To the Editor:
Edward Alexander’s search for anti-Semites among early 19th-century humanist writers [“George Eliot's Rabbi,” July] unearthed the wrong man in Samuel Taylor Coleridge, who was a philo-Semite, devoting many pages of The Friend to his belief that the early Hebrews were far more cultivated, literary, and individualistic than the early Greeks (Friend 1, 501-24, ed. Barbara E. Rooke  in The Collected Coleridge, vol. 4); translating Hebrew hymns with his friend and collaborator Hyman Hurwitz; and writing the following paean to individual liberty in The Courier, June 18, 1816:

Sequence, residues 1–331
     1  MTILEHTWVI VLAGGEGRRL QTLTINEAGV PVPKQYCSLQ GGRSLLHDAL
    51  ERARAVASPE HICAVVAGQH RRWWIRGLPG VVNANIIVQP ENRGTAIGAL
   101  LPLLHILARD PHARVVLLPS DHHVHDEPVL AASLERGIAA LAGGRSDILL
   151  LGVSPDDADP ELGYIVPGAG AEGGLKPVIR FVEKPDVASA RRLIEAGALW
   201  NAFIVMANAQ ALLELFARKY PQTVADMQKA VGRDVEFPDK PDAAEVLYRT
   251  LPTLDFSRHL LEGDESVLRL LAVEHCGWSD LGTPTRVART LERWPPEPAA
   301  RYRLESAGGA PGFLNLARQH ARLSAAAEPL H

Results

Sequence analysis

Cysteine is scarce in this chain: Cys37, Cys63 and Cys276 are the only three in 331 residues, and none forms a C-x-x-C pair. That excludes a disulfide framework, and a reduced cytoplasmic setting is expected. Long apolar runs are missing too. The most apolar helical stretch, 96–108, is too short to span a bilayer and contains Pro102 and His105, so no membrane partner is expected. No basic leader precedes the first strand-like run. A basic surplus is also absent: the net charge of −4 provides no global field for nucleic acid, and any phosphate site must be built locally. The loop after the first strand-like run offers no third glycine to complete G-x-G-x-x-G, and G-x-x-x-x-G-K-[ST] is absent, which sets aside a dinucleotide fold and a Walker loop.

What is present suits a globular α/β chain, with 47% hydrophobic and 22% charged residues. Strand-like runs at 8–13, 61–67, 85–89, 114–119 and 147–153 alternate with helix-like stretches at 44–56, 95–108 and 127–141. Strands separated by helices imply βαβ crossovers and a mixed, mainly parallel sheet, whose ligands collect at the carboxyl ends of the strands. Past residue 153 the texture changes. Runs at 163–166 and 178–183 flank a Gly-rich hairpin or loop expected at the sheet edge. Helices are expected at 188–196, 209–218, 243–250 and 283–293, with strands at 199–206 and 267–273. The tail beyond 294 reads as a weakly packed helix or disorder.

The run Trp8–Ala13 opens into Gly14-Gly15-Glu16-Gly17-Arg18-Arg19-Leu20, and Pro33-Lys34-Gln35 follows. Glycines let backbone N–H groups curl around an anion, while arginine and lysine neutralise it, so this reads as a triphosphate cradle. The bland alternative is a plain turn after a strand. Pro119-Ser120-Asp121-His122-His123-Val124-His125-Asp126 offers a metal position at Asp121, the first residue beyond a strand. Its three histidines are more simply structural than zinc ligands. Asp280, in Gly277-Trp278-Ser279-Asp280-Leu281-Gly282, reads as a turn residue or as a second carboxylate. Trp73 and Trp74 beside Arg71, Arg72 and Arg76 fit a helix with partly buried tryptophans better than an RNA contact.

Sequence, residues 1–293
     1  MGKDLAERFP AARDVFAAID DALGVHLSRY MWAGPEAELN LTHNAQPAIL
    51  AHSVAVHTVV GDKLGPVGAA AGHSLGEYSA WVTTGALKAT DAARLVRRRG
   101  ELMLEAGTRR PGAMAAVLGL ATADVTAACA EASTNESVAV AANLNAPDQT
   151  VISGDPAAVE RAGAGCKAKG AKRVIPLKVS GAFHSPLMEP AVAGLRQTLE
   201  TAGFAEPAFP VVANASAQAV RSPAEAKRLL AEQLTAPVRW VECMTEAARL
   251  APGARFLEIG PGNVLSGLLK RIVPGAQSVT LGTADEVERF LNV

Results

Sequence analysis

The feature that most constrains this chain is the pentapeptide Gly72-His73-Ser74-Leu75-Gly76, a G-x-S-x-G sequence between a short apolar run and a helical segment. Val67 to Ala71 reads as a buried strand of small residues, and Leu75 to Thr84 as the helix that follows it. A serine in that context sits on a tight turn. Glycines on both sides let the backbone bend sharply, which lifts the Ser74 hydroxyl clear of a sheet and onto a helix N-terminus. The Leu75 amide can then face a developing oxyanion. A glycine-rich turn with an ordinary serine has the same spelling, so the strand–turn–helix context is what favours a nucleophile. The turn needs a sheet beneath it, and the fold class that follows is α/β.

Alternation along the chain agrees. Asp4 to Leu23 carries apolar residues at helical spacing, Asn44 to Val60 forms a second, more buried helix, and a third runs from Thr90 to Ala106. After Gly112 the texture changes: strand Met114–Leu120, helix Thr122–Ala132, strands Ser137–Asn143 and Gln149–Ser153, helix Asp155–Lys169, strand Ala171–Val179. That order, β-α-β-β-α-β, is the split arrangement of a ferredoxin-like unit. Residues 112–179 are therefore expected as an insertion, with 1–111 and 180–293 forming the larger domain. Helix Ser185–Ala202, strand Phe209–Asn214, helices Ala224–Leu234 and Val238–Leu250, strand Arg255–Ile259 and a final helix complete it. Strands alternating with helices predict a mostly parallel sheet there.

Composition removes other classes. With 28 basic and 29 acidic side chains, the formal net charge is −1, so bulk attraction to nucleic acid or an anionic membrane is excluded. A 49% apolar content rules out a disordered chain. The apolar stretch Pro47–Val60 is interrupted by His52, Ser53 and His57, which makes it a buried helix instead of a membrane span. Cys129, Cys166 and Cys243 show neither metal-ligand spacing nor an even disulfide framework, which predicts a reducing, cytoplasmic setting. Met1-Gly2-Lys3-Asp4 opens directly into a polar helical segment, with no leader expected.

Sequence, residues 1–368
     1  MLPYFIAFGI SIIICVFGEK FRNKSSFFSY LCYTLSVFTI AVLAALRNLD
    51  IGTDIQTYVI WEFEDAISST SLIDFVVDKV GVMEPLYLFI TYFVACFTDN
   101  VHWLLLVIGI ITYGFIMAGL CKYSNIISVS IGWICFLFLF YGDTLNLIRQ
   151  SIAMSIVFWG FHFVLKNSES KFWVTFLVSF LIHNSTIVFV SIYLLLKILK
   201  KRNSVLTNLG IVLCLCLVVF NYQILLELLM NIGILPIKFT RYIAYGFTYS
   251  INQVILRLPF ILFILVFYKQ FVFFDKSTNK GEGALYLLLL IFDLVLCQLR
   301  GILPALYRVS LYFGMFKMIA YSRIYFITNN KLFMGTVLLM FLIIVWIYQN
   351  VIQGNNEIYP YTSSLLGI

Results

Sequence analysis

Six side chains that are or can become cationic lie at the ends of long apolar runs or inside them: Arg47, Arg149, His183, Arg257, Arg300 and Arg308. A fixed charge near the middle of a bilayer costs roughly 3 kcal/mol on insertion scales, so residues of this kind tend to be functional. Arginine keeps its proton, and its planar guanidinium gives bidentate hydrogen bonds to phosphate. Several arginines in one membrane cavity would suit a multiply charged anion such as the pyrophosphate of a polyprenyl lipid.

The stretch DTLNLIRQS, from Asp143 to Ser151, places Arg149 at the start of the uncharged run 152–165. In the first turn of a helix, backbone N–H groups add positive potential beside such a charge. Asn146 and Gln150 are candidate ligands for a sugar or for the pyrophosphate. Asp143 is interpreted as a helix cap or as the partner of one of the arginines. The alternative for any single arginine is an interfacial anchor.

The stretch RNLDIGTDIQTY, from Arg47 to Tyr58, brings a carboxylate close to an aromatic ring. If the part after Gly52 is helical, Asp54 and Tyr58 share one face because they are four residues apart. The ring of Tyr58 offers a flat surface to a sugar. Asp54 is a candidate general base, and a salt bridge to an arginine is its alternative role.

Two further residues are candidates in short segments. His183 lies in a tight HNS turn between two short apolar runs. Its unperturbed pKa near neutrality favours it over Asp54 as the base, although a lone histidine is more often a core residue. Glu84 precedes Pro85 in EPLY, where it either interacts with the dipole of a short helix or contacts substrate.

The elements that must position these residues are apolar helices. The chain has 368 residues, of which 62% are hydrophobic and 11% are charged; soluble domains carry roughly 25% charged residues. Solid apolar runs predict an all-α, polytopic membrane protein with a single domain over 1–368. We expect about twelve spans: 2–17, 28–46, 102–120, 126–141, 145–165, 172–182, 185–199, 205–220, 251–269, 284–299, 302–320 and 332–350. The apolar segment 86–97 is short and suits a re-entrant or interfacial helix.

If it be true that the Senate of Lubeck have ordered the Jews settled there to leave that city, we can only remark that Lubeck deserves to be deprived of her title and privileges as a free and independent city. In the first place, it is a direct violation of the 16th Article of the German Confederation, by which it is declared that the Jews should continue in the full enjoyment of all their present rights and privileges, and await a further decision. In the second place, it is a shocking outrage upon the principles of humanity and hospitality. It is not pretended that this expulsion is for any crimes committed. But even that charge could not apply to a whole community—to the aged, the infirm, the female, and the infant. We have ever thought that the treatment which the Jews have received has been a disgrace to all countries and to all nations. The fate of never having a home—of being a people without a people’s country—of being dispersed over every part of the world, is hard enough. But to have superadded the fate of being treated as criminals and outcasts—of having the punishment of guilt without the commission of guilt—of having their very names pass into a synonym for all that is bad and tricking, and false and foul—to be the mock and scorn of the rabble—to have “the very dogs bark at them” as they pass, is a degree of suffering to which no race were ever exposed from the creation of the world. And this has been their lot for ages. If they have been hard and griping in their dealings, may it not have been occasioned by the treatment they have received? To treat men as if they were incapable of virtue is to make them so. If it be said that the Almighty has decreed them to be wanderers and outcasts, we reply that that Divine Being has nowhere told us to persecute them. If we wish to make them Christians, is persecution the best method? Is the severe treatment they have received from Christians the most likely way to dispose them in favor of the Christian Religion? We trust that a better and a kinder system will be adopted, and that if the age we live in, be in deeds, and not only in words, the enlightened age it is said to be, it will be shewn in a juster treatment of the Jews (Essays on his Own Times, ed. David Erdman , 3, 144-5 in The Collected Coleridge, vol. 3).
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